Golden Age, Episode 9, Part 2
People always talk about where they were when they first heard about The Correspondent. She came out of nowhere and tried to make a difference. Some saw her as a beacon of hope, others as a sign of how far down the slope we had come. I never paid attention to all of that. I was too busy. Too busy working to pay my bills, too busy trying to figure out life. I was seventeen when it started. I was The Correspondent. This is my story.
Shelby and I spent the remainder of my recovery together. Once I got permission to use my leg and didn’t need the wheelchair he would give me a ride to school. We went out on more dates, but I was so focused on getting better that things went slow. I hadn’t had this much time on my hands in a long time and started to get good grades.
Christmas came and went. The start of the new year was also when I got my cast off. I was doing a lot of physical therapy and was feeling stronger and stronger. I wanted to get back out on the streets but I had no costume and didn’t want to order from Acme again, since it looked like they were selling to both sides.
I spent my time before bed on my tablet looking at other options. There weren’t a lot of off the shelf alternatives to the Acme suit or gadgets, but I was determined. Since Shelby knew about The Correspondent he offered to help. Turns out he is pretty good at gadgets.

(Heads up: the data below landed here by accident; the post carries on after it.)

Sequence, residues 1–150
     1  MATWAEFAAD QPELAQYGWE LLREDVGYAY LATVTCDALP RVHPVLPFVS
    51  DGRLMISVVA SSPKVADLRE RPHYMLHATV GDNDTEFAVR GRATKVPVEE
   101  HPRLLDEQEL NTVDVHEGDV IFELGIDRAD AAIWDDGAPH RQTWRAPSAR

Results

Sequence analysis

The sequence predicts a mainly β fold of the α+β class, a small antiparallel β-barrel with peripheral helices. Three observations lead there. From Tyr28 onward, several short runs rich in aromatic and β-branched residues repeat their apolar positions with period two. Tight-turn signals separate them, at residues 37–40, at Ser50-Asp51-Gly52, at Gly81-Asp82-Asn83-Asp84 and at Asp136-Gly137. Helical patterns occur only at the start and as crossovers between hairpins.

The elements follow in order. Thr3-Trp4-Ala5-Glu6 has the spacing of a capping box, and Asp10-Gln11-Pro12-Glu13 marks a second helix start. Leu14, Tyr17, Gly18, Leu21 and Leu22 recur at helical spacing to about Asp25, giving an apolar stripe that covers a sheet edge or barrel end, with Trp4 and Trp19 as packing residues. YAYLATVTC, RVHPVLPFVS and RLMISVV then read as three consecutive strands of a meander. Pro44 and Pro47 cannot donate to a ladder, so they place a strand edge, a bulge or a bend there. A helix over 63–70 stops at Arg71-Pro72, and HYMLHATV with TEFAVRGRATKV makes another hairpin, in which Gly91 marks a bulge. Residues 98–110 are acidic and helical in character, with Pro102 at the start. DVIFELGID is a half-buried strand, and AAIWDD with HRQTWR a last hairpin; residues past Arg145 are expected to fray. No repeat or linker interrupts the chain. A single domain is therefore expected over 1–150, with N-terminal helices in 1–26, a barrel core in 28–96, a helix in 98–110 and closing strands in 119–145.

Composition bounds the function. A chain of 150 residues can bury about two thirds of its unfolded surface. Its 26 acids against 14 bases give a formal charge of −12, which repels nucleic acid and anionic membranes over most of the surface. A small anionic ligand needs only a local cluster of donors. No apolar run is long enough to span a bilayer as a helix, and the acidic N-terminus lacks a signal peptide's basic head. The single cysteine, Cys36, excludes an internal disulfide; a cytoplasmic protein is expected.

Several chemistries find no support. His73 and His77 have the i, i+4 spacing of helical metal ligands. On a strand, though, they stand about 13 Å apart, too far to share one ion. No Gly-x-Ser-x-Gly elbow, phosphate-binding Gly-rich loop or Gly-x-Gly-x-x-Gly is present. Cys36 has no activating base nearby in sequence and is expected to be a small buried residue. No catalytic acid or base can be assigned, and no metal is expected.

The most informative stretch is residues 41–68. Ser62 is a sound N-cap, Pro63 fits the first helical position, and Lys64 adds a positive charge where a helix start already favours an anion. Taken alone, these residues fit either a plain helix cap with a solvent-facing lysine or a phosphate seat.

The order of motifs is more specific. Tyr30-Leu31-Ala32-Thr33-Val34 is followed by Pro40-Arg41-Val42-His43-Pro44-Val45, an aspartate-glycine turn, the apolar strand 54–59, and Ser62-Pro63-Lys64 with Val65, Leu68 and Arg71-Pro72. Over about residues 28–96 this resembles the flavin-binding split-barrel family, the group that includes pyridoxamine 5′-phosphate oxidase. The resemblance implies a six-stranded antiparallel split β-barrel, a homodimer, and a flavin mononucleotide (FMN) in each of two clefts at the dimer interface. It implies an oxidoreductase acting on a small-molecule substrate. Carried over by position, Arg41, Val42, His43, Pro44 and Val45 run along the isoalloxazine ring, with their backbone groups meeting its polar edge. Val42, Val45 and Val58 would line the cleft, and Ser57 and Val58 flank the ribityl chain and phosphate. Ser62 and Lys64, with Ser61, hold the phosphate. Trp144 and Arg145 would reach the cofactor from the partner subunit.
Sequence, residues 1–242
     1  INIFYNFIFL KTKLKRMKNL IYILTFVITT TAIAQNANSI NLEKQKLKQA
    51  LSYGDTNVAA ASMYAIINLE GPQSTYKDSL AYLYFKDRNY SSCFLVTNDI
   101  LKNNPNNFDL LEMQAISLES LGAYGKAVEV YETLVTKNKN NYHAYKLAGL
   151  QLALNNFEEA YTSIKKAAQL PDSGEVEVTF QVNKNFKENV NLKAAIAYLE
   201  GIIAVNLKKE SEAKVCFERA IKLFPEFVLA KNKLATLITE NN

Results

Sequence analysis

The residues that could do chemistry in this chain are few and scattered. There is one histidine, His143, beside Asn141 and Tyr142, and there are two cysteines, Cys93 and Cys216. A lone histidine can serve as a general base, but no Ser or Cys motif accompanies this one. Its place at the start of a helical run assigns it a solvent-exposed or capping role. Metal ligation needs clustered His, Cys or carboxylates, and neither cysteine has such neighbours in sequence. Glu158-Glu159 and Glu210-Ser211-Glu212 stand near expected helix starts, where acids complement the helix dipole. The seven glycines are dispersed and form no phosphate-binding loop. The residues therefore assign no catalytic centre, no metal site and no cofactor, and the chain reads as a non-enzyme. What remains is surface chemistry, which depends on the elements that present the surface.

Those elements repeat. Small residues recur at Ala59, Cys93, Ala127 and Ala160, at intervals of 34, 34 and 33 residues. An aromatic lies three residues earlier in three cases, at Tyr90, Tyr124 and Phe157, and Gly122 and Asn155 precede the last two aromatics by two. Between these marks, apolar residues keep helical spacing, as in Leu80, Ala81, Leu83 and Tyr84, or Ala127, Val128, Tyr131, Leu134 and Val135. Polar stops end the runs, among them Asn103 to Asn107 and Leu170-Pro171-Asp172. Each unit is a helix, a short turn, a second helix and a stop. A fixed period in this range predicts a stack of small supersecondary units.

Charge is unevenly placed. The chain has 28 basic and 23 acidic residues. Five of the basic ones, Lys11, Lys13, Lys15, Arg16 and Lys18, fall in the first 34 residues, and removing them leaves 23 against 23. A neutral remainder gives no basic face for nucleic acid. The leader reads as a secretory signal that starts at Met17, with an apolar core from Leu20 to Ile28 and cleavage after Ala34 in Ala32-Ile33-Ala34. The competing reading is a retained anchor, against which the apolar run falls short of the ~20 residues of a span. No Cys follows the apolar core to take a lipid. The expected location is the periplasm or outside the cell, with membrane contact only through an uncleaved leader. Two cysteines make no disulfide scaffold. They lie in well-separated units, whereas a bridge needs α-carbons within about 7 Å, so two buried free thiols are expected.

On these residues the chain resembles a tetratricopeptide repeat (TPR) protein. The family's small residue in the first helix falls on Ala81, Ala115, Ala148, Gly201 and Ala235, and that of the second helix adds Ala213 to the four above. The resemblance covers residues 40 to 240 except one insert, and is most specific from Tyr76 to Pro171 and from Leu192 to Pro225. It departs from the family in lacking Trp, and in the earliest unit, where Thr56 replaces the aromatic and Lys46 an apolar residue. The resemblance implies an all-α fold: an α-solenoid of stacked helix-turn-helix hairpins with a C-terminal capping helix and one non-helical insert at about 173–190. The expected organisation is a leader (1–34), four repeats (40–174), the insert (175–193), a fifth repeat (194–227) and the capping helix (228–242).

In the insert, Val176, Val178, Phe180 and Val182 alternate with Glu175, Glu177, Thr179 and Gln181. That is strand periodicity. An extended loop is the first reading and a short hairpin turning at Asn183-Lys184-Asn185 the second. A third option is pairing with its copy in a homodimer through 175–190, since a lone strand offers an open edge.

My mom was reluctant to let me get another two wheeled vehicle but I convinced her. I found a used crotch rocket that needed some work and together Shelby and I fixed it up into the ultimate crime fighting vehicle. My mom bought me a full set of motorcycle gear, which got me thinking about my next costume.
I missed my scooter but this bike was so much more maneuverable. It took me a week before I was weaving in and out of traffic and learning the ropes of this new bike. Shelby had bought me a wireless setup for my new ghetto phone and I was able to talk to him while I drove. The plan was for him to be my eyes and ears while I patrolled.
Convincing my mom to get a motorcycle was easy compared to the fights we had about me going back out as a crime fighter. She was dead set on keeping me away from that life that she cried every time we talked about it. I gave up. I wasn’t going back out until I had a costume and that was going to take a while.
After some convincing I started my internship with Mendez again. I think he was glad I was alive. I got back to my sorting of the evidence room and even though I wasn’t directly involved I felt like I was doing something. Now I just had to be patient and I would be back fighting crime in no time.
Dylan Reed has always been interested in a good story. Raised without a TV he spent a lot of time with books and loves reading. Dylan has been a professional entertainer, studied commercial diving, and loves random trivia. He brings all of this and more together in his stories.